|Our house community in our chapel together|
last week. Picture courtesy of Romina!
I sat down in the chapel late last night when the house was quiet. I couldn’t let the day be over just yet, knowing that the morning would bring leaving. I opened my journal and wrote a heading for an entry: “Last Night as an Affiliate in Casa Caridad – June 11, 2013 – 11:30pm.” I sighed and looked around, wondering how many hours I had spent cross-legged on that little floor pillow, in prayer with my community and our loving God.
Just before I began to write, I remembered that each page of my journal contains a different Bible verse. I glanced to the bottom of this so-far empty sheet to see today's nugget of wisdom.
My jaw dropped.
“The Lord will watch over your coming and going both now and forevermore.” (Psalm 121:8)
I smiled through my tears. Okay, I hear You, God, I thought. You’ve got this.
I’d been feeling as ready as I could feel for the move from El Paso back to Cincinnati. Then last Tuesday, I had my small obligatory pre-transition freak out as I spent probably seven hours straight going through belongings and packing. That physical act always gets my anxiety going. Suddenly, my somewhat settled life was becoming fragmented into a bunch of suitcases. I realized that soon my room wouldn’t be my room anymore. The trust I felt before was MIA.
On Wednesday morning after my frazzled afternoon and evening of packing, I met with my spiritual director, Veronica. Sensing my unsettled heart, she looked me in the eyes and told me, “The Paschal Mystery is at the center of who we are as Christians. And you, you’re living it right now.
“Transition involves a lot of letting go. Well, really, this whole time of discernment has involved a lot of letting go. You’ve had to die to ideas of yourself and your life that will no longer come true. You’ve had to let go of control, of knowing where and how God will you use you, of the security of a romantic partner, and many other things. Now you’re letting go of “Affiliate Tracy” or “El Paso Tracy.” Like death, this letting go hurts. But we know that death is not the last word. All of this death has made room for new life. And it’s all been happening simultaneously. Tracy, things are RISING in and for you!” she said.
She’s right. In this moment, there’s mourning happening, but there is much treasuring and rejoicing and looking forward to.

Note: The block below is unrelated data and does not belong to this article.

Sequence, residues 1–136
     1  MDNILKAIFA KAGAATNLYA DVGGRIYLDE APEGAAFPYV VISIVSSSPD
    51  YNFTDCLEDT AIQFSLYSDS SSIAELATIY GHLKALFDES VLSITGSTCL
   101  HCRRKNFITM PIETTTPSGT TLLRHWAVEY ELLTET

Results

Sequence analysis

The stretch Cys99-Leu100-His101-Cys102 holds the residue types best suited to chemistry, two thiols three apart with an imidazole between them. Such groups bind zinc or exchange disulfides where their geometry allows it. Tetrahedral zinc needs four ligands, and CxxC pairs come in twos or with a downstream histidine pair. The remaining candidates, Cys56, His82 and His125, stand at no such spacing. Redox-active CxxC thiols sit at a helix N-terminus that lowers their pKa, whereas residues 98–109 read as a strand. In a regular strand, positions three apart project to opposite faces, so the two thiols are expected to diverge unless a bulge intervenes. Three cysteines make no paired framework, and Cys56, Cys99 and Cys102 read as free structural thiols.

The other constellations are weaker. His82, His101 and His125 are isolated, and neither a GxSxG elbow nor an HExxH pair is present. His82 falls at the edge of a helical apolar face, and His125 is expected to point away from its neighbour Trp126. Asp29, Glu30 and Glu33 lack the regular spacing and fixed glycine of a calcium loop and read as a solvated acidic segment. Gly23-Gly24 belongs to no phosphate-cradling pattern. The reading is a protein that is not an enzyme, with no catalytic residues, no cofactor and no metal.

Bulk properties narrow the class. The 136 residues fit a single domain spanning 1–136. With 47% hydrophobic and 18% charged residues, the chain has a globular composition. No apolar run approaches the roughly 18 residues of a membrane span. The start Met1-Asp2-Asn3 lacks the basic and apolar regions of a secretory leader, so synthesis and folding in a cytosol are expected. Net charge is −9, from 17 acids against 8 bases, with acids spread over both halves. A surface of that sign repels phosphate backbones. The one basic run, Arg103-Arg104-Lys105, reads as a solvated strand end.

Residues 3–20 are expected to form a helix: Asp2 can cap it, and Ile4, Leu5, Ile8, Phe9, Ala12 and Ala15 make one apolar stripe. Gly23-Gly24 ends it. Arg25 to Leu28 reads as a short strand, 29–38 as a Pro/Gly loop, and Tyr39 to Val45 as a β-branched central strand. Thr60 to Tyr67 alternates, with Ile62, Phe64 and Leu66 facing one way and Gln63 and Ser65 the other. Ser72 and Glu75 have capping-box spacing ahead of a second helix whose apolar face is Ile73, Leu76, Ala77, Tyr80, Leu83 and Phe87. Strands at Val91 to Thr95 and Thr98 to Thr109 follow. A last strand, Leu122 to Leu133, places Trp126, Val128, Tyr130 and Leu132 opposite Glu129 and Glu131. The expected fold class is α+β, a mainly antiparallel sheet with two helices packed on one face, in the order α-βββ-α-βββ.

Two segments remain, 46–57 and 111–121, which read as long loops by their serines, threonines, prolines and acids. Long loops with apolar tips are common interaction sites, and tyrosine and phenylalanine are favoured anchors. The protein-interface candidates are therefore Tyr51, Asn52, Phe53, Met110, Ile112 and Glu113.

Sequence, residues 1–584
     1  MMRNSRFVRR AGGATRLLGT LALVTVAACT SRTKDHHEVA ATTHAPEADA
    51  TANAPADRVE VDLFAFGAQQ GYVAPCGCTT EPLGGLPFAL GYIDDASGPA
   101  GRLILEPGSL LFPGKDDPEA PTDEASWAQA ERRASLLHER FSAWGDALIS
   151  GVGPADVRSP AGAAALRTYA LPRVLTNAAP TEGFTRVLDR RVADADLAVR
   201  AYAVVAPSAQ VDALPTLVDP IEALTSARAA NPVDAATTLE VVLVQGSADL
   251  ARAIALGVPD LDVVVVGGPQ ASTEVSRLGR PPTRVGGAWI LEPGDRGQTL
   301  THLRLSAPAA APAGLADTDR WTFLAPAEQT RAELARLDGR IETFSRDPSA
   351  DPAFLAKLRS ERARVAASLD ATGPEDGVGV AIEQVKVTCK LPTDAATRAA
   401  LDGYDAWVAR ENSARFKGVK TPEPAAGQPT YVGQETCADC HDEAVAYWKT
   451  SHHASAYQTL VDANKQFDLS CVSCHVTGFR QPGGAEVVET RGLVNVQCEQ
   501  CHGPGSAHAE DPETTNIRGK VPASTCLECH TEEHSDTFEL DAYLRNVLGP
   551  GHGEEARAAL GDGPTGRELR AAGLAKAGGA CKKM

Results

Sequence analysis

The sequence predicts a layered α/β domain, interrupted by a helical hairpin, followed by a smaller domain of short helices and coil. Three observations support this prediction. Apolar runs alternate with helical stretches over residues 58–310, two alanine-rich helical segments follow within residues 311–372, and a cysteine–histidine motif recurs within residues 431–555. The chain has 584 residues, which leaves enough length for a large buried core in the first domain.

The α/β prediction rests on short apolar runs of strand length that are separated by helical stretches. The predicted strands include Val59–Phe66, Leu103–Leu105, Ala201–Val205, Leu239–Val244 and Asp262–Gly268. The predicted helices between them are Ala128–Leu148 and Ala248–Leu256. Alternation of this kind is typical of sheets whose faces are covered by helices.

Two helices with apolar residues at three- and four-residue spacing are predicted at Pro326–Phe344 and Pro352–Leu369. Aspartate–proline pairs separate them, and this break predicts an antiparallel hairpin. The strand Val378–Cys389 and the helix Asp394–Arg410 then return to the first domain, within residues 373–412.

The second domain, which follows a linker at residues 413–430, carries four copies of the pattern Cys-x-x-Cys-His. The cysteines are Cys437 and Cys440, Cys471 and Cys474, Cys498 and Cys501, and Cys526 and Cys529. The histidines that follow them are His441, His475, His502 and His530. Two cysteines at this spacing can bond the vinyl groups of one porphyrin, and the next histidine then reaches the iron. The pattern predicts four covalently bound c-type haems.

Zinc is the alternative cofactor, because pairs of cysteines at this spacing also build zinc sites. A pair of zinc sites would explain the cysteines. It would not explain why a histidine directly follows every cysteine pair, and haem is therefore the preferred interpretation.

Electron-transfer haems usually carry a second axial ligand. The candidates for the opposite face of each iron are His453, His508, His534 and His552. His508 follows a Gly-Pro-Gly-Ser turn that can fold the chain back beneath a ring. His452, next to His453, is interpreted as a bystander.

|Loved ones at Proyecto Santo Nino in Mexico|
that I carry in my heart as I go
In prayer last night, I scanned the many faces that represent people I have loved and have loved me in my almost three years at the border. On a walk with Janet and Romina this morning, I tried to soak in the big Southwest sky, the sounds of the birds, the beauty of the pecan groves and this year’s cotton crop just sprouting up. As we drove along I-10 to the airport, I tried to swallow up the Franklin Mountains, Mt. Cristo Rey, and the view of the tiny houses of Mexico just beyond the border fence.
In the same instant, I imagined that beautiful red brick building overlooking the Ohio River that the Sisters of Charity of Cincinnati call home. I imagined all of the hellos that would follow these stinging goodbyes. I felt the warmth that comes from spending some time in Fairfield with my beloved Mom and Dad who I never get to see quite enough. As our plane landed in Cincinnati tonight, I celebrated the lush green Midwest terrain and rivers that stretched out before my eyes.
Leaving – somewhere, or something, or someone – always seems to show me the expansiveness of the human heart. In saying good-bye, we behold all of the gifts of the phase that is ending and open ever-wider to all of the gifts that will come. We cry because we have loved deeply. We hope and rejoice because we will love deeply. How is it possible that our hearts are able to contain so much at once?
|A bursting heart!|
As I shared teary-eyed hugs with loved ones before heading through security at the El Paso airport today, I felt it all. There was love, joy, pain, fear, excitement, gratitude, memories, faces, places, moments, feelings, hopes, dreams, and more love. A bit like in The Grinch Who Stole Christmas, my heart swelled and throbbed and maybe even grew. As Romina said today, our lives are so full! These moments help me to stand in awe at the fullness of my life. And at the infinite nature of God's love.
Tonight, Mom and Dad picked me up and brought me back to Fairfield, Ohio. I ate delicious leftovers from the dinner Mom cooked last night. We watched some episodes of Seinfeld. Dad and I each had one of his home-brewed beers. Now, sitting in my childhood bedroom, I'm surrounded by pictures and trinkets from my grade school and high school days. I feel so far removed from the younger Tracy that this room represents, but I’m not separate from it. It is all a part of me, just as these three years in El Paso are ingrained in my soul and will be with me wherever I go.
God is watching over us now and forever – our coming, our going, our staying, our starting, our seeking.
As I go to bed tonight, words that surfaced in my heart during community prayer this morning surface again. It's an itty-bitty prayer that perhaps can sum up today’s bursting-heart experience of leaving:
“For all that has been,
For all that is to come,
(― Dag Hammarskjöld)